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Fictional map for RPG

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#1
Schley

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Here's a map I just finished for Wizards of the Coast's D&D campaign setting Forgotten Realms. It was published recently in their online PDF magazine Dragon and seems to be a hit with the fans so I thought I'd get you guys' take on it.

The area is fairly well known from the game supplements and novels that WotC publishes so I wanted to do it justice with a fairly detailed map. I tried to keep it from becoming too busy though and kept my pallet rather soft.

One note; there is no icon key since the map accompanies a fairly detailed article discussing the cities, ruins, and other points of interest depicted. I assumed that since the icons were using a standard convention for the property an explanatory sidebar wasn't needed. I've since come to think that I was wrong and so for future regional maps I think I'll include a fairly unobtrusive and simple one somewhere out of the way.

The entire project was produced in Photoshop CS3 with a Wacom tablet and took about 4 working days to complete. Let me know what you think.

Mike

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Mike Schley
Illustration & Design
www.mikeschley.com
Twitter – @schley

#2
DaveB

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I love the style and colors!

Except for the text and point symbols I would've thought it was hand-drawn with pen and ink and paint. Did you have some sort of "base map" to draw from or on top of to get the shapes and positions correct?

I'll admit it, I'm a sucker for these kinds of maps. :D
Dave Barnes
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Map Geek

#3
François Goulet

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As always, I'm a fan of yours.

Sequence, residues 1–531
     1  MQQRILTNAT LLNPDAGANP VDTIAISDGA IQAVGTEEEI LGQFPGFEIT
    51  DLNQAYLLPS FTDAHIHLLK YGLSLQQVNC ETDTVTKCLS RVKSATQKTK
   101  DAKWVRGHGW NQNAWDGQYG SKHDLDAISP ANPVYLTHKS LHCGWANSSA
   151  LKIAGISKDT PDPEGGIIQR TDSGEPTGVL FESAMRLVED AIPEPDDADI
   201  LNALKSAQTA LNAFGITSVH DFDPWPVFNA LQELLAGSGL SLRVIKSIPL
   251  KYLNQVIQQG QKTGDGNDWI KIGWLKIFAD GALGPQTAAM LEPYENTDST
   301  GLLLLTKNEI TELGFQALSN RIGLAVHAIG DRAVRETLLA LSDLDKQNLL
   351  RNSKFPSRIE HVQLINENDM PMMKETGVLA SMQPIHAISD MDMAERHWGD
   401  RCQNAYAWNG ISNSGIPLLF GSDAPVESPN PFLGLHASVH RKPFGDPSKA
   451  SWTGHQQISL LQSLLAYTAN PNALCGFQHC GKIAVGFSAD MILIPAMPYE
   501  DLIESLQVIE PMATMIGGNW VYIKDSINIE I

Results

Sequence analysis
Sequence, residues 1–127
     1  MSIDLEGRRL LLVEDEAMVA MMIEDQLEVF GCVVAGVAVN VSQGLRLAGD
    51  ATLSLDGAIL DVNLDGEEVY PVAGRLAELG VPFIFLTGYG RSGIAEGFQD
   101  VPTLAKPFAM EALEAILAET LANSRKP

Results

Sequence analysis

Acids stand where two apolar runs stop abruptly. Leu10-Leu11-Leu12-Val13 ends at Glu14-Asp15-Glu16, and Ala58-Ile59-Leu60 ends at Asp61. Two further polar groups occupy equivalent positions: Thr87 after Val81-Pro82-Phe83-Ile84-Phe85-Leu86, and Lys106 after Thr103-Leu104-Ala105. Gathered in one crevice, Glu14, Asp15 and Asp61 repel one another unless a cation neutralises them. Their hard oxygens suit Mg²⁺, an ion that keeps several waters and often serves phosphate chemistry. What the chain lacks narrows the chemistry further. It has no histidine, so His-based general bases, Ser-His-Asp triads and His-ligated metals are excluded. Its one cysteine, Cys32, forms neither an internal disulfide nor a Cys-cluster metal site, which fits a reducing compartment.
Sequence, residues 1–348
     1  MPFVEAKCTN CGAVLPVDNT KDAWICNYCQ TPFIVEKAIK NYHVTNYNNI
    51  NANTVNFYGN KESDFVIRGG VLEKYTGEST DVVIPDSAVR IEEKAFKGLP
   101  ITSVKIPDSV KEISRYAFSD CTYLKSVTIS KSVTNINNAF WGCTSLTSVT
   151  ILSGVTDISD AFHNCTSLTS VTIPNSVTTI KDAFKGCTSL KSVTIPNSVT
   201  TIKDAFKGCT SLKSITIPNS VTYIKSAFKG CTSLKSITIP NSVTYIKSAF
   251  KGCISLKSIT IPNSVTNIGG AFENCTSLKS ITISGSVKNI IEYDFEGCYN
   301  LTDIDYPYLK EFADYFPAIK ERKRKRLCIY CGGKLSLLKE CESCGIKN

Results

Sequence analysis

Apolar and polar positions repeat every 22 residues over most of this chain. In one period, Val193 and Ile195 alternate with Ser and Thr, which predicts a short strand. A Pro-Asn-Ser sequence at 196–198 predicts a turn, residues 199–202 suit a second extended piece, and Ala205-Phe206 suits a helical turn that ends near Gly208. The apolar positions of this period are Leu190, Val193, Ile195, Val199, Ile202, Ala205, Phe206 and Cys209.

Of course, without the legend, it's a little harder to understand, but I love the style and colors...

Greeeeaaaat job!

#4
MapMedia

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Really cool Mike - whatever the game is, you made a neat place to play it.
The thing that struck me was the scale - the length of Gwyneth is ~120 miles, which is more than the distance from Sacramento to San Francisco, which changes ecoregions and passes a few small mountain ranges, etc. I was just thinking the distance might feel more realistic if it was 50 miles instead of 100. 2 cents

The legend would be useful - as I wanted to know why the red placenames were in the same class as the black island names, but were supposed to mean something more.

Greta joB!

#5
Schley

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The legend would be useful - as I wanted to know why the red placenames were in the same class as the black island names, but were supposed to mean something more.


Actually, The red text indicates major island names. I used the same point size for the kingdom name Sarifal since it was the focus of the map and article. I was afraid that any larger and it would start to crowd out the artwork.

The text class conventions I'm working with are a bit idiosyncratic but they seems to work. The size of the text generally reflects the importance or size of the feature tagged. All the natural geographic feature tags are in italics and are assigned a color related to their context. Blue for water features, brown for hills and mountains, etc. Geographic tags are also all typed on a curve and set off the horizontal. The only man-made features that follow these conventions are roads, paths, and tunnels.

All of the political/place names are in non-italicized black and set to the horizontal.
Mike Schley
Illustration & Design
www.mikeschley.com
Twitter – @schley




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